Writing HTML can be quite tedious due to the verbosity of the language’s syntax and in trying to remember all of those attributes and their values. If this sounds like your assessment of HTML, then we may have found a solution for you. Enter: Markdown. Markdown is a plain-text format language with easy-to-remember syntax, which is then converted into well-formed HTML using the Markdown translator.
Markdown was designed around the concept of using plain text to simply common HTML formatting tasks like setting heading styles, entering lists, etc. thus eliminating the need for matching pairs of opening and closing tags. Using this syntax makes it easy for anyone to generate well-formed HTML using any text editor, all without having to know HTML. Consider the following examples:
To create a heading in HTML you would typically use the h1 tag as in:
The equivalent in Markdown would be:
# My Heading
The HTML for a number list would be:
The equivalent in Markdown would be:
1. First item
2. Second item
Of course one of the first questions that comes up when seeing Markdown for the first time, is why would you use it when you can just write HTML directly.
Well to start with it’s easy. You could use it to allow a non techie to write the content for an HTML page without having to know HTML. So long as they are provided a cheat sheet for the syntax all should be well. Alternatively you could provide them an editor which translates WYSIWYG elements into markdown behind the scenes and then use the translator to output the Markdown to well-formed HTML.
Not only is Markdown easy but it’s also much faster than having to write HTML tags. This eliminates the need to worry about indentation and finding those matching closing tags which always seem to be hiding.
But probably the best reason is that it, namely the Markdown translator, produces very clean HTML code. You don’t have to worry about a jumbled mess of HTML tags like you do with other tools. You can be certain that the HTML output will be as simple as it can possibly be.
There are a number of tools for creating Markdown, some free, some not, but here are three that we came across that we found useful:
Dingus: Dingus is an online translator written by the creator of Markdown and is available from the official Markdown website. The translation code itself exists as a PERL script which is also available for download. For more see information see: http://daringfireball.net/projects/markdown/.
Markdown Pad: Markdown Pad is a downloadable application for Windows which translates Markdown to HTML in realtime as you type. We found this to be a great program as it tells you immediately if your syntax is correct. And while the paid version offers additional features, the free version works very well for most tasks. We did find the program to be a bit heavy weight though. It asked us to close Word and Excel during install, and also seems to be slow to load, but overall a worthwhile download. For more information see: http://markdownpad.com/.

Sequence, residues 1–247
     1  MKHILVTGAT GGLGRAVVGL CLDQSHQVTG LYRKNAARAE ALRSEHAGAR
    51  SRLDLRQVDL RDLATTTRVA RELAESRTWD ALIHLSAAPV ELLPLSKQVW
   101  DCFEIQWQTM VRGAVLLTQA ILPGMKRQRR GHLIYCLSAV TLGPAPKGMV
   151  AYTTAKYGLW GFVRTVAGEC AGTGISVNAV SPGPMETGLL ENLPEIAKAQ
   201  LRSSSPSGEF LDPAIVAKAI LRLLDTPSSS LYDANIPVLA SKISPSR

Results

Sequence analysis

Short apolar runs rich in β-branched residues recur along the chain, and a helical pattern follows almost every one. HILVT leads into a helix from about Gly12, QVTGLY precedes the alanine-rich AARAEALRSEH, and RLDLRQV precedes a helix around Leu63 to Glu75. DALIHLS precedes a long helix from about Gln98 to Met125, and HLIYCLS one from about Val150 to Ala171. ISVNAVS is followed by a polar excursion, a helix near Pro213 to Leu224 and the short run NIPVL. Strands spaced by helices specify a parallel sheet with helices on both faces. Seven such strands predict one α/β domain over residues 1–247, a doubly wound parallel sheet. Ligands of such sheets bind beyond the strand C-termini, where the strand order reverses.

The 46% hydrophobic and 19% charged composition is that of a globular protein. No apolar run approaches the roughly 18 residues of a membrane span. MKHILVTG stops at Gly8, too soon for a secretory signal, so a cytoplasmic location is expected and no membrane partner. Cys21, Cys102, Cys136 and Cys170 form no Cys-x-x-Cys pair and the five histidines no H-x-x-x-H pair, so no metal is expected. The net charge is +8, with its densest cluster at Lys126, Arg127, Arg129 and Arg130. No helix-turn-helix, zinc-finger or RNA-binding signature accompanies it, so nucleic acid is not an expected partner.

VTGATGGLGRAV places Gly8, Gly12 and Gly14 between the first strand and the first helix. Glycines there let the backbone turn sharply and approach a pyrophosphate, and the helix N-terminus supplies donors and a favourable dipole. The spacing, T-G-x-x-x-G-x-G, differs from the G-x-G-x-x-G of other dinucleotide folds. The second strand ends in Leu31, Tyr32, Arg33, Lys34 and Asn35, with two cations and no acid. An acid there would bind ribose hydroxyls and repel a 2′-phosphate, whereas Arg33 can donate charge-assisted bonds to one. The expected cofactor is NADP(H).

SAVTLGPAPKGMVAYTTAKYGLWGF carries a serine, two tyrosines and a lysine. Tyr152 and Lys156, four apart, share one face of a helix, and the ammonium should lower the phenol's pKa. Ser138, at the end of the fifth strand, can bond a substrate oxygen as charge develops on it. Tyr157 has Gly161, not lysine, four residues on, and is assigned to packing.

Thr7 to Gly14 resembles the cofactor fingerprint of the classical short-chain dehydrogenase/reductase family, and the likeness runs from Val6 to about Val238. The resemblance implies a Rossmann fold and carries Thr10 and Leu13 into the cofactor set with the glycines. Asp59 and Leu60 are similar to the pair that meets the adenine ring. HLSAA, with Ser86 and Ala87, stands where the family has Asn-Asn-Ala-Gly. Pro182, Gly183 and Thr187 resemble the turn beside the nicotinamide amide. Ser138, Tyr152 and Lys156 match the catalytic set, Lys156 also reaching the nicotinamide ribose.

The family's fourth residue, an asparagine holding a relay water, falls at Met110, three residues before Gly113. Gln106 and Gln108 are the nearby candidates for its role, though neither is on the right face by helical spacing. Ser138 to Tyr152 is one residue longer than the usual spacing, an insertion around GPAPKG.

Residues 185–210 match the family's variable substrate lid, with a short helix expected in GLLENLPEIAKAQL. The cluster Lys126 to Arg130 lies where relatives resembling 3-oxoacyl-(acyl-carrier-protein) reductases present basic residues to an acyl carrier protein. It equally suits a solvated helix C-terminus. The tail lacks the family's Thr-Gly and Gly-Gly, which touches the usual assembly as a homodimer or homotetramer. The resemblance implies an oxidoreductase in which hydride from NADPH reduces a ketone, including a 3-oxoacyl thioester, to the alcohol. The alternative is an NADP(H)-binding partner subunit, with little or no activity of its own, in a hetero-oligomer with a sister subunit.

Pandoc: Pandoc is an online translator which can translate between Markdown and HTML in either direction, as well as a number of other languages. This can be useful when you want to determine the equivalent Markdown syntax for existing Markdown. However, we found some of the Markdown syntax didn’t seem to match the Markdown specifications using this tool, but still seemed to work correctly, possibly indicating that Markdown my not be as well documented as it appears to be. For more information on Pandoc see: http://johnmacfarlane.net/pandoc/try/.
While we’ve found it fairly easy to work with Markdown it does have potential drawbacks. Critics have been quick to point out that while the syntax is easy to work with, it’s still yet another syntax that you have to remember, especially when first starting out. Others have also criticized the syntax itself claiming that it’s cryptic, limited in what it can accomplish, and actually very difficult to remember. Some have even gone so far as to suggest that it’s a completely useless tool that was created just for the sake of creating such a tool.
We agree with some of these points, but still think that it’s a worthwhile technology to have on hand so long as you have a good cheat sheet to call upon or a WYSIWYG editor that hides this behind the scenes.
In conclusion, if you need a way for non-HTML authors to create HTML, be sure to check out Markdown. For more information checkout: